This is a new edition (1952) of The Red Centre which, at its first publication (1935), proved to be one of the most interesting and informative books ever written about Australia, and which takes its place as an authoritative work on the geographical features, native inhabitants, and animals of the particular region with which it is concerned - south-western Central Australia.
The striking photographs which previously aroused so much interest are again reproduced. One reviewer wrote: "A feature of the book is its magnificent and educational series of full-page photographs that admirably reinforce the narrative." These photographs, selected with scientific and artistic care, are the work of the artist.
The chapters dealing with the animal life of the region provide some of the most interesting reading in the book. As Honorary Curator of Mammals in the South Australian Museum Mr Finlayson is an authority on the fauna of the Centre. His scientific knowledge and his observations are imparted with a clarity which satisfies the reader with a specialised interest. For a general reader the book is both entertaining and informative.
Hedley Herbert Finlayson (1985-1991)
Hedley Herbert Finlayson (1895-1991), mammalogist, was born on 19 March 1895 in Adelaide, South Australia, sixth of seven children of Ebenezer Finlayson, sharebroker, and his wife Finnetta, née Champion. Hedley attended Kyre (later Scotch) College, Unley, prior to enrolling in science at the University of Adelaide. An explosives accident in 1910 while he was a cadet in the chemical faculty injured his left hand and a more serious explosion in 1913 resulted in the loss of his left hand and right eye. Though he did not graduate, he was sufficiently well regarded to be appointed to the teaching staff of the university in 1914, working largely as a chemistry demonstrator until his retirement in 1958.
From as early as the 1920s Finlayson’s primary academic interest had shifted to Australian mammalogy. He was appointed honorary associate in Mammalia at the South Australian Museum in 1927 and its honorary curator of mammals in 1930, a post he held until 1965.
Finlayson travelled widely collecting Australian mammals, most notably in outback South Australia and the Northern Territory. In the period 1931-35 he privately financed four collecting expeditions to these regions during the height of summer over the long university break. Determined and capable, he also had the good fortune to be working at a time when many small- to medium-sized ground-dwelling desert mammals were still to be found, though much of his early success came from working with local pastoralists and Aboriginal people. When he returned to central Australia in the 1950s he found that many of the species he had collected in the 1930s had either declined or disappeared completely, including the desert rat kangaroo and lesser bilby. Perhaps unsurprisingly, Finlayson was one of the earliest advocates of the need for large conservation reserves in outback Australia.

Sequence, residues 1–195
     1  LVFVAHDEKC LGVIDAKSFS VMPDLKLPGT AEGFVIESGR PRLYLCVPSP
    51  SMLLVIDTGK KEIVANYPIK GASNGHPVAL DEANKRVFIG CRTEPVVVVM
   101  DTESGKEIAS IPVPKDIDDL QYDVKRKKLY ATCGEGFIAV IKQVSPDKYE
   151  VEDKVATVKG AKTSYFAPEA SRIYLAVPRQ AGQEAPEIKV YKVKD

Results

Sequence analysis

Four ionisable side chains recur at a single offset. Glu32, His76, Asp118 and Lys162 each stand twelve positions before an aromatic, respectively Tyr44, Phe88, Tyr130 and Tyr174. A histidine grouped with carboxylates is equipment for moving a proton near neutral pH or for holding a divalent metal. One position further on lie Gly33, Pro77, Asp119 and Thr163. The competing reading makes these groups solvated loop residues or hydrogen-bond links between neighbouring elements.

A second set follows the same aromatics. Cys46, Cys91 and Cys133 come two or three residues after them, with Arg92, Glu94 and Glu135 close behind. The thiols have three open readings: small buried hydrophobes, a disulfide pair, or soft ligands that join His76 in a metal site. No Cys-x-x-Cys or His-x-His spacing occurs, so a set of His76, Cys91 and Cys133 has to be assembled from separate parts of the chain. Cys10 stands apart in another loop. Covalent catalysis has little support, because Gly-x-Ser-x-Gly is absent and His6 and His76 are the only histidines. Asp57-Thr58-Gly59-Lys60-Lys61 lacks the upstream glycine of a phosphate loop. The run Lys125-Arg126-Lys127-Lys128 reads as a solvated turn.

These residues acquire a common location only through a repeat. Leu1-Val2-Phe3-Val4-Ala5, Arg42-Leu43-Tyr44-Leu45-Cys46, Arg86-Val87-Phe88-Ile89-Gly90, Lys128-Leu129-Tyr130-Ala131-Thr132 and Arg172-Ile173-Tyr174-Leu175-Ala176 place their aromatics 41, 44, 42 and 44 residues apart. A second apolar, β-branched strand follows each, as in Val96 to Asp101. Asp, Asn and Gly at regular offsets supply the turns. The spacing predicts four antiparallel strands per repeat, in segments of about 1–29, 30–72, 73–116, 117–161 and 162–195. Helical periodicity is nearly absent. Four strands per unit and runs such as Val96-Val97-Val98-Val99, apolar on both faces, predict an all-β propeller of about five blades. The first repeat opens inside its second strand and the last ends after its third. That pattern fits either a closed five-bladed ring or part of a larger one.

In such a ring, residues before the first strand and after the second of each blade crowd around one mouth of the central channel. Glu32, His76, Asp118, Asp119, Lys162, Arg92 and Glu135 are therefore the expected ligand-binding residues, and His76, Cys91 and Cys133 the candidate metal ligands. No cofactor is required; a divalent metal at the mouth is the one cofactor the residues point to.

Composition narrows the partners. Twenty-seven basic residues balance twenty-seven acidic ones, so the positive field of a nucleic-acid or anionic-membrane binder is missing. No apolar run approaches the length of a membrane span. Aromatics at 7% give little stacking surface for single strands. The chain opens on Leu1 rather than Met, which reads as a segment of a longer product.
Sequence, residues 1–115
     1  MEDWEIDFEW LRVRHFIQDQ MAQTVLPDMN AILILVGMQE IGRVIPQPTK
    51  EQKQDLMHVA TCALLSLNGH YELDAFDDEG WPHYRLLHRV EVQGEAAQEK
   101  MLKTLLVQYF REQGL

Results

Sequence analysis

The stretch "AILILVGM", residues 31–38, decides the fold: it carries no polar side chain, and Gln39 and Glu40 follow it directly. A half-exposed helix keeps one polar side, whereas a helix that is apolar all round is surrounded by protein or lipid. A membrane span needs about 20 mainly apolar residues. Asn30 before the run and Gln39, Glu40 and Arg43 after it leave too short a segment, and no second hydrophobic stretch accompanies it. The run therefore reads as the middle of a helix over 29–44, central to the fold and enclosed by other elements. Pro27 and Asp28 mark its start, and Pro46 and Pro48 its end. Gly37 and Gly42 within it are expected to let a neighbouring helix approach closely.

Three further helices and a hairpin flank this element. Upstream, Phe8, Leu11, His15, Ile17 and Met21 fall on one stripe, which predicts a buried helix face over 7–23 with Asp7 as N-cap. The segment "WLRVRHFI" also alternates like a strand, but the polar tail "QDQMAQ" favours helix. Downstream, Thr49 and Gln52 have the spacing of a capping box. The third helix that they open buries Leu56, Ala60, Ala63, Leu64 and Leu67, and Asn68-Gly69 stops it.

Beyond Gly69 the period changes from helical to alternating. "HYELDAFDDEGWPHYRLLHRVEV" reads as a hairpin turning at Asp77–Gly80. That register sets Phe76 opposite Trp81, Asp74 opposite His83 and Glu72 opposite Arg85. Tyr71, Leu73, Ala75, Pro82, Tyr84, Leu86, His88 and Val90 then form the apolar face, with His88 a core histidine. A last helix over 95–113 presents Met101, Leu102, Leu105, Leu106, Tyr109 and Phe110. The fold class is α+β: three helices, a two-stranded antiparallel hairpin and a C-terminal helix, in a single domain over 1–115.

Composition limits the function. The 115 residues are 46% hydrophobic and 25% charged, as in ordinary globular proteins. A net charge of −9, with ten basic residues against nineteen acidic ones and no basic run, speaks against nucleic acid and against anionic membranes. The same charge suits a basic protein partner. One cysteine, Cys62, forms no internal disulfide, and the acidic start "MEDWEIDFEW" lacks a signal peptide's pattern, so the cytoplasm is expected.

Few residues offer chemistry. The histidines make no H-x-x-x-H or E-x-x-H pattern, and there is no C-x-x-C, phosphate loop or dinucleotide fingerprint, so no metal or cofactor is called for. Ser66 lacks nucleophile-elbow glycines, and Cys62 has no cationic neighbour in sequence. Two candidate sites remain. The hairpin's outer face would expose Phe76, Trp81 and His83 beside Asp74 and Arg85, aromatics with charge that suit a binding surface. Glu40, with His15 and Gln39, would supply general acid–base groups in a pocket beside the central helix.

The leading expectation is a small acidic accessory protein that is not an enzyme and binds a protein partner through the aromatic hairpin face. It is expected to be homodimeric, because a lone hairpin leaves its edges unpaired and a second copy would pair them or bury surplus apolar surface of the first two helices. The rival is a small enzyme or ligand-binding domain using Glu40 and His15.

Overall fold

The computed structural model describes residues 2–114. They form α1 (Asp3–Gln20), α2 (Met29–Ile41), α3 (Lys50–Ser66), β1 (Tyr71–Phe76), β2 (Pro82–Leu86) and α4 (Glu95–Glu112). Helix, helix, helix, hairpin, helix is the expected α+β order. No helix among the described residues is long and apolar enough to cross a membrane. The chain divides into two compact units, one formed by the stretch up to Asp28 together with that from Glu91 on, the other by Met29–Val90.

The author of sixty-three scientific papers, the best known of which deal with the taxonomy and ecology of Australian mammals, Finlayson published his first paper in 1920 and the last in 1963; five appeared in Nature. An accomplished landscape and natural history photographer, Finlayson amassed approximately five thousand carefully annotated negatives, now housed in the Northern Territory Archives. His 1935 book, The Red Centre, a popular account of his work in Central Australia, has been reprinted eight times. Reflecting his great love of the inland deserts, it is a compelling evocation of inland Australia and its title has entered the lexicon of literature and the Australian travel industry.
For his scientific work Finlayson was awarded the Royal Society of South Australia’s Verco Medal in 1960 and, for his geographical research and writing, the John Lewis Gold Medal of the Royal Geographical Society of Australasia (South Australian Branch) in 1962.
Finlayson was a relatively tall man, strong and resourceful in the field, but he was always conscious of both his lack of formal qualifications and his physical disabilities. His private collecting, although self-funded and legitimate at the time for honorary associates and curators, led to some strains in his relationship with the South Australian Museum. Shortly before his death he arranged for much of his private mammal collection to be transferred to Alice Springs, where it is now housed in the Museum of Central Australia. His collection of meticulously registered specimens and his many published papers remain highly regarded by scientists.
Finlayson led a very private life and little is known of his close personal beliefs and values. A bachelor, he died on 29 July 1991 at North Adelaide and was cremated. His ashes were buried at the Mitcham General Cemetery in Adelaide.